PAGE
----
2020 has been a tough year in so many ways, but we still have a lot to celebrate in the fight for children’s rights! Three important laws, including the long-awaited Raise the Age Act, take effect this summer to help kids thrive and protect them from the dangers and long-term consequences of incarceration. This progress is the culmination of years of hard work and collaboration with partners, young people, and families and we are thrilled to share it with you today!
Raise the Age LA
Raise the Age Louisiana finally went into full effect this month! As of July 1, all 17-year-olds arrested in Louisiana will remain in the juvenile justice system rather than being automatically prosecuted and incarcerated as adults,which is detrimental to their safety and healthy development. The law has been in the works since 2016, when LCCR, the Louisiana Youth Justice Coalition, and hundreds of young people called on the state to treat all kids like kids. Now that Raise the Age is fully implemented, we call on Governor Edwards to fulfill its promise by making sure the state’s juvenile system truly is safe, therapeutic, and rehabilitative.
July 1 also marked the full implementation of Solan’s Law, which is designed to keep children from being unnecessarily jailed. The law is named in memory of 13-year-old Solan Peterson who tragically took his own life in a juvenile jail after he was arrested for a harmless prank. Jurisdictions in the state are now required to fully evaluate a child’s risk level before deciding whether to place them in jail following an arrest. Solan’s family was instrumental in advocating for this law, and their efforts will help ensure that no family has to suffer a loss like theirs.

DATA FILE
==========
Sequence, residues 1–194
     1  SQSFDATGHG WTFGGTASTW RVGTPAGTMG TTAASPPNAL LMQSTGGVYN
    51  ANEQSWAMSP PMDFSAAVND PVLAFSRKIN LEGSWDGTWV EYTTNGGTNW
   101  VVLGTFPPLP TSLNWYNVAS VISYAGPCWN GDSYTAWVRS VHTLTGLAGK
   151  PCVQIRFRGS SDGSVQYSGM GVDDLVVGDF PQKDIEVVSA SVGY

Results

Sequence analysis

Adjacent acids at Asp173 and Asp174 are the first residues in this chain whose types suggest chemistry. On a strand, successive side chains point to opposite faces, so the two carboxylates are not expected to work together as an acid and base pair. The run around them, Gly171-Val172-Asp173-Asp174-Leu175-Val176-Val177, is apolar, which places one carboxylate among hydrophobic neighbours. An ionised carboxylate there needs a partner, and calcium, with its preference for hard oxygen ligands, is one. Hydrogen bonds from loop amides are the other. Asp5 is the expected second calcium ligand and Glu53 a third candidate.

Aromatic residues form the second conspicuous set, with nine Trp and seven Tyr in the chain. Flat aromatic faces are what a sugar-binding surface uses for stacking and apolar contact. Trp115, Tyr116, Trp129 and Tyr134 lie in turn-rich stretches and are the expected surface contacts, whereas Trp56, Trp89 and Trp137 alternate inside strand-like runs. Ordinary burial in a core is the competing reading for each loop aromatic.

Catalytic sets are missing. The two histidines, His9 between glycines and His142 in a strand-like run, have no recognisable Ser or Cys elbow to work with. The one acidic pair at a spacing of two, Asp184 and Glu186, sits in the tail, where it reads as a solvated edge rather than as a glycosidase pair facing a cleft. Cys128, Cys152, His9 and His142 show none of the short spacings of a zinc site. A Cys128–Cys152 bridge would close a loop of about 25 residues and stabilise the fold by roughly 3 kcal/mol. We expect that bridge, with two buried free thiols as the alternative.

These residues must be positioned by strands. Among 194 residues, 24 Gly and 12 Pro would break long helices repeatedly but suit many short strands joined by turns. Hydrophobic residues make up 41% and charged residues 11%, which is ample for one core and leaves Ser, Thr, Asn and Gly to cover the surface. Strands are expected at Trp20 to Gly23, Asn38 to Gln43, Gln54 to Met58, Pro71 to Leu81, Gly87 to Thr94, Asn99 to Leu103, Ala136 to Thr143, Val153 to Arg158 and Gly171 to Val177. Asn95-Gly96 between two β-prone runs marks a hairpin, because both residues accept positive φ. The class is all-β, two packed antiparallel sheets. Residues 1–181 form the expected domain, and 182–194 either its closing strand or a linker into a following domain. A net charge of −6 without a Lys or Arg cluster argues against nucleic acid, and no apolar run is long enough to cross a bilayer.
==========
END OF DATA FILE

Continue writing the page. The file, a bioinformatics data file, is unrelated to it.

Juvenile Life Without Parole & the Virtual Life Bill
Louisiana has an ongoing track record of sentencing juveniles to life sentences without parole eligibility even though the U.S. Supreme Court ruled this practice unconstitutional (with rare exceptions) in 2012. LCCR’s continued fight to end this practice comes with the passage of HB 173, which allows for parole eligibility after 25 years to youth serving egregiously long sentences. This bill, sponsored by Rep. Ted James, will give a second chance to hundreds of people currently incarcerated and serving extreme sentences for crimes they committed as children. The battle to abolish death-in-prison sentences for youth is not yet won, but this is a huge step forward on our way there.